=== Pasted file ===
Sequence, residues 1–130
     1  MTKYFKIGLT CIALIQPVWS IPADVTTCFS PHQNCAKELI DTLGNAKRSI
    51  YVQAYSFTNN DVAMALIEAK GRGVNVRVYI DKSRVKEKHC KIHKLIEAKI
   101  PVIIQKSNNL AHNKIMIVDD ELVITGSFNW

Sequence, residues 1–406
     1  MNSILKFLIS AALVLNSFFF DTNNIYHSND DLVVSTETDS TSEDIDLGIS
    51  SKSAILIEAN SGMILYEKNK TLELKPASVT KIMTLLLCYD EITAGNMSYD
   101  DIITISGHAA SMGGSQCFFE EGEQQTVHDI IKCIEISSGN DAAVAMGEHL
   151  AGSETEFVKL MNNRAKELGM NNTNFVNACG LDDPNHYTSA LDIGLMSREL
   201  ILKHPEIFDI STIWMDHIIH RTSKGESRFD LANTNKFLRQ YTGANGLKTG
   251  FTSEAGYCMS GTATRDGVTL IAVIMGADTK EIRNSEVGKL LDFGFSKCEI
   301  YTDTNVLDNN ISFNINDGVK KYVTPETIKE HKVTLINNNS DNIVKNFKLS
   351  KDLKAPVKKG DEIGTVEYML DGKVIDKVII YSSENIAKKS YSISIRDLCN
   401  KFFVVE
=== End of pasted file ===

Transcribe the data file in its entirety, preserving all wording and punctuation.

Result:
Sequence, residues 1–130
     1  MTKYFKIGLT CIALIQPVWS IPADVTTCFS PHQNCAKELI DTLGNAKRSI
    51  YVQAYSFTNN DVAMALIEAK GRGVNVRVYI DKSRVKEKHC KIHKLIEAKI
   101  PVIIQKSNNL AHNKIMIVDD ELVITGSFNW

Sequence, residues 1–406
     1  MNSILKFLIS AALVLNSFFF DTNNIYHSND DLVVSTETDS TSEDIDLGIS
    51  SKSAILIEAN SGMILYEKNK TLELKPASVT KIMTLLLCYD EITAGNMSYD
   101  DIITISGHAA SMGGSQCFFE EGEQQTVHDI IKCIEISSGN DAAVAMGEHL
   151  AGSETEFVKL MNNRAKELGM NNTNFVNACG LDDPNHYTSA LDIGLMSREL
   201  ILKHPEIFDI STIWMDHIIH RTSKGESRFD LANTNKFLRQ YTGANGLKTG
   251  FTSEAGYCMS GTATRDGVTL IAVIMGADTK EIRNSEVGKL LDFGFSKCEI
   301  YTDTNVLDNN ISFNINDGVK KYVTPETIKE HKVTLINNNS DNIVKNFKLS
   351  KDLKAPVKKG DEIGTVEYML DGKVIDKVII YSSENIAKKS YSISIRDLCN
   401  KFFVVE